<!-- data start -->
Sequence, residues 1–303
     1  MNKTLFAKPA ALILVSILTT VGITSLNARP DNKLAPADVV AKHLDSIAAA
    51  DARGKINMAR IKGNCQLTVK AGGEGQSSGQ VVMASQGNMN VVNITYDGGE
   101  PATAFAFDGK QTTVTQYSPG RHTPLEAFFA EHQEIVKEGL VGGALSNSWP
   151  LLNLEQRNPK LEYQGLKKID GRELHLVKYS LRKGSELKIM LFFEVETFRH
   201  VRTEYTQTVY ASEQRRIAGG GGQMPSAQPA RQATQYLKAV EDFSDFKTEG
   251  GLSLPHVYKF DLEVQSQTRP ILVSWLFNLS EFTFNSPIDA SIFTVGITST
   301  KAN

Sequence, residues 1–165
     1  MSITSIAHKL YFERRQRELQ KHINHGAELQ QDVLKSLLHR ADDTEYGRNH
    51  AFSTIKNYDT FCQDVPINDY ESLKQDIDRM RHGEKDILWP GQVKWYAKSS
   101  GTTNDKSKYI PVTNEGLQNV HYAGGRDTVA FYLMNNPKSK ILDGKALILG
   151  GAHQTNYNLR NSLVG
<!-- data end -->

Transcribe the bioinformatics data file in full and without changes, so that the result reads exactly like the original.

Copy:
Sequence, residues 1–303
     1  MNKTLFAKPA ALILVSILTT VGITSLNARP DNKLAPADVV AKHLDSIAAA
    51  DARGKINMAR IKGNCQLTVK AGGEGQSSGQ VVMASQGNMN VVNITYDGGE
   101  PATAFAFDGK QTTVTQYSPG RHTPLEAFFA EHQEIVKEGL VGGALSNSWP
   151  LLNLEQRNPK LEYQGLKKID GRELHLVKYS LRKGSELKIM LFFEVETFRH
   201  VRTEYTQTVY ASEQRRIAGG GGQMPSAQPA RQATQYLKAV EDFSDFKTEG
   251  GLSLPHVYKF DLEVQSQTRP ILVSWLFNLS EFTFNSPIDA SIFTVGITST
   301  KAN

Sequence, residues 1–165
     1  MSITSIAHKL YFERRQRELQ KHINHGAELQ QDVLKSLLHR ADDTEYGRNH
    51  AFSTIKNYDT FCQDVPINDY ESLKQDIDRM RHGEKDILWP GQVKWYAKSS
   101  GTTNDKSKYI PVTNEGLQNV HYAGGRDTVA FYLMNNPKSK ILDGKALILG
   151  GAHQTNYNLR NSLVG